Local Catch Network (LCN)
May 2021 Impact Assessment II
Completed by Joshua Stoll, UMaine, Local Catch Network
Compared to pre-COVID normal, are there dimensions of your sector that have experienced a sustained increase or reduction in activity? What aspects of Pandemic disruptions or adaptations were temporary, and which appear to be longer lasting? Do any appear to be permanent?
All sectors of the US seafood economy were impacted during the first year of the COVID-19 pandemic, including small- and mid-scale seafood companies engaged in local and direct seafood marketing. Overall, sales in the commercial fishing sector alone decreased by 29 percent over the first 7 months of the pandemic, as compared to the 5-year average (NOAA 2021). Multiple compounding factors contributed to the decline in sales, including reduced global trade, bottlenecks in processing and distribution, diminished fishing effort, and changes in consumer behavior (Love et al. 2021).
Here we revisit several of the impacts and adaptations that we reported on in our Rapid Impact Assessment in July 2020:
- Loss of markets. Prior to the COVID-19 pandemic, an estimated 65% of seafood in the United States was consumed in restaurants (by value) (Love et al. 2020). More than one year into the pandemic, the restaurant sector has still not fully recovered. According to the Bureau of Labor Statistics, restaurants added nearly 300,000 jobs in February 2021, but total employment in the sector remains 16% below pre-COVID-19 levels (NSA 2021). It remains unclear how, when, or if the restaurant sector will fully recover from the impacts associated with COVID-19, but at this point, the loss of this key market represents an area of sustained reduction.
- Reduction in fishing effort. COVID-19 created a number of challenges for commercial fishing businesses, delaying fishing seasons, creating challenges for recruiting and maintaining crew, and making it difficult to be on the water. These challenges, in combination, contributed to a decline in overall fishing activity. In Alaska, for example, harvest levels were down by 15% during the first six months of 2020 compared to 2019 (NMFS 2021) and the number of requests for Emergency Medical Transfers in the iconic Bristol Bay salmon fishery spiked because fishermen based in the continental US were unable to travel to Alaska for the fishing season (Welch 2020). In Maine’s lobster fishery, trips were down by 15% compared to the previous year (K. Reardon, personal communications). We anticipate that the decline in fishing effort observed in 2020 will be temporary as fishing activities rebound with the recovery of markets and it becomes easier to travel/operate on fishing vessels once people are vaccinated.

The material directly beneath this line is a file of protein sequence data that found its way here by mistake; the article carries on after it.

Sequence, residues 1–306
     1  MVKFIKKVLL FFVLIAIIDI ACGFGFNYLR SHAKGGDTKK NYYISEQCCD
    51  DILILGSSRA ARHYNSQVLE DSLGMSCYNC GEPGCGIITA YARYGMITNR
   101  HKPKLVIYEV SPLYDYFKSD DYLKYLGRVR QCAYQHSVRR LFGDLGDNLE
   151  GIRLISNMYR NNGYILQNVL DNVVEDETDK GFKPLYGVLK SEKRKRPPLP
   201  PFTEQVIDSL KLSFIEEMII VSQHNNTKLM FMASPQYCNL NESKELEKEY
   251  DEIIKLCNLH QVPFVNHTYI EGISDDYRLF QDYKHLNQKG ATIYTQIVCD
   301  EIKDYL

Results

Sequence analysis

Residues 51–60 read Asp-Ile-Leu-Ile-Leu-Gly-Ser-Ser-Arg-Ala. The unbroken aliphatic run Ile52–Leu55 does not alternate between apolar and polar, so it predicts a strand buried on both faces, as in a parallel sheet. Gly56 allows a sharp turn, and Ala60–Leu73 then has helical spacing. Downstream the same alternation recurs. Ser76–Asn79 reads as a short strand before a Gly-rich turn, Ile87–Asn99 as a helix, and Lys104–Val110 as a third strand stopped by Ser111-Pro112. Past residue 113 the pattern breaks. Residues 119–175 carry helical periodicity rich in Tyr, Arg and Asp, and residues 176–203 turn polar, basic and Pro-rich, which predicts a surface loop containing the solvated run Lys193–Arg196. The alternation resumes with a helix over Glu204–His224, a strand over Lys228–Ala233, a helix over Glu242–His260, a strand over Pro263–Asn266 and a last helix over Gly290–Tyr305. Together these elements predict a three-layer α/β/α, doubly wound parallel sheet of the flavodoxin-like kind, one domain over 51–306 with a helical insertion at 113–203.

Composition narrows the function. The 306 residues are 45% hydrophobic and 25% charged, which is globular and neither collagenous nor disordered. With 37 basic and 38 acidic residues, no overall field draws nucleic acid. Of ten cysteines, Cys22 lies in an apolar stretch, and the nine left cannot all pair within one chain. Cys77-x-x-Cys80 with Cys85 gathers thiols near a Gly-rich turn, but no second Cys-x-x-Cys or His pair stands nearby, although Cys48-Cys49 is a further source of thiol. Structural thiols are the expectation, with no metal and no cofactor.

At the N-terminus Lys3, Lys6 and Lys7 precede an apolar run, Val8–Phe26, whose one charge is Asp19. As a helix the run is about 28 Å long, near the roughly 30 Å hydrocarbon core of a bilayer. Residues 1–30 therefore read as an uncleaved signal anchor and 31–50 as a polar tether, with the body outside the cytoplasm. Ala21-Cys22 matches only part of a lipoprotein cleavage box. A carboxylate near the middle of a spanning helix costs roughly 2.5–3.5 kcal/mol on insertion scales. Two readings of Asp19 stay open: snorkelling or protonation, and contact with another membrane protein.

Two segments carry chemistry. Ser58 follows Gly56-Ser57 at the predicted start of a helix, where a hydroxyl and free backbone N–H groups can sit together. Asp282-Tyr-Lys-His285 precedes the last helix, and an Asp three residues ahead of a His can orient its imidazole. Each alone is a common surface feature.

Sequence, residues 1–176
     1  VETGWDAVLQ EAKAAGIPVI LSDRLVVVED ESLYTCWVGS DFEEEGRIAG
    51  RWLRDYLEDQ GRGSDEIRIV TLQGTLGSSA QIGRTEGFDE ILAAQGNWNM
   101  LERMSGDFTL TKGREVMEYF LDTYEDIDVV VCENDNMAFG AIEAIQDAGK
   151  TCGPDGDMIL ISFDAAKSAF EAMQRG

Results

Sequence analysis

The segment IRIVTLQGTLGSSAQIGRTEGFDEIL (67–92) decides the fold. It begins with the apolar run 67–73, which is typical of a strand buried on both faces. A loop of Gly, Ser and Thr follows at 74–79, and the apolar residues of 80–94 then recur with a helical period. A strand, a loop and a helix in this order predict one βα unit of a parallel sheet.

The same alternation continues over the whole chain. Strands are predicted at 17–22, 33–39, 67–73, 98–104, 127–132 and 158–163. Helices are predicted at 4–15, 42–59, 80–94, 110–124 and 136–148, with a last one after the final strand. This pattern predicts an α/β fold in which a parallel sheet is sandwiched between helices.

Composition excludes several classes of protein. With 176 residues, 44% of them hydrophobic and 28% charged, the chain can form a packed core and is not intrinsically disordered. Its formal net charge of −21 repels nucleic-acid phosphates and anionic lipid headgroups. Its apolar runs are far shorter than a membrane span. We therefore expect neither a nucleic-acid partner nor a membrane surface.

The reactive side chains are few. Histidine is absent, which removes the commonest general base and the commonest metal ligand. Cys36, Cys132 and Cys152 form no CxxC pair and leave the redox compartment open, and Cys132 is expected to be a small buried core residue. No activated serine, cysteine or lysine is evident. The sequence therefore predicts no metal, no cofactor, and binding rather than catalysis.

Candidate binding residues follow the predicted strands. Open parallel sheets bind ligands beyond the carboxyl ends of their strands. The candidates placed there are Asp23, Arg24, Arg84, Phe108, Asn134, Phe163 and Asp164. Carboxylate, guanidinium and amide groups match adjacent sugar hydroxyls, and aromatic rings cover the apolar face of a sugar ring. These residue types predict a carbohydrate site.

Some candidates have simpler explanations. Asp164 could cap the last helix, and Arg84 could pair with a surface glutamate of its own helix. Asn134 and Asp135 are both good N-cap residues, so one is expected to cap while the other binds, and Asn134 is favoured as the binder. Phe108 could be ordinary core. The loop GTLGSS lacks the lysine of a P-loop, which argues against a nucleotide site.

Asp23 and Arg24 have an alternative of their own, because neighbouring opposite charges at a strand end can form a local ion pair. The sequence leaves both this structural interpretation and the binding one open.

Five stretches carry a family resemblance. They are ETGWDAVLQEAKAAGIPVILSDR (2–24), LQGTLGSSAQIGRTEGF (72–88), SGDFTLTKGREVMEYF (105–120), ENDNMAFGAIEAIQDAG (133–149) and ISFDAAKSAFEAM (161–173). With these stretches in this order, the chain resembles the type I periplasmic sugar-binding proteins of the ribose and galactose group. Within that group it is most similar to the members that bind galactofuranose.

- Lack of sufficient infrastructure. The lack of adequate physical infrastructure (e.g., piers, hoists, cold storage, etc.) to effectively offload, process, and store catch for local and regional distribution is a persistent issue for small-scale fishing operations. In a study we conducted prior to the pandemic (winter 2019), fisheries experts ranked lack of sufficient and scale-appropriate infrastructure as one of the top issues facing small-scale operators. This issue was not addressed during the pandemic and we anticipate that it will continue to be a long-term constraint, unless there is a significant investment in our nation’s working waterfronts. Soft infrastructure to support online and direct marketing increased during the pandemic. We anticipate that e-commerce platforms, websites, seafood finders, and catch directories are illustrative of a permanent change in seafood marketing and trade.
- Increase in local and direct sales. In March 2020, seafood businesses involved in local and direct seafood marketing, started to report increased sales. The increase in sales was primarily associated with off-dock, community supported fisheries, and home delivery arrangements. We collected daily Google Analytics data from a subset of community supported fisheries in North America from January 1, 2019 to June 30, 2020 (1.5 years). The data show a significant month-to-month increase in website traffic from April to June 2020 relative to the same time period in 2019 (Stoll et al. 2021). To understand more up-to-date trends, we analyzed website traffic on the Local Catch Network Seafood Finder from January 1, 2019 to March 31, 2021. Our analysis shows that the early spike in website traffic observed during the beginning of the pandemic diminished, but that traffic has remained significantly higher (Fig. 1). We plan to continue to track website traffic for the foreseeable future to better understand the long-term change in direct sales. Many members of the LCN believe that the increase in local and direct seafood sales is reflective of a long-term trend.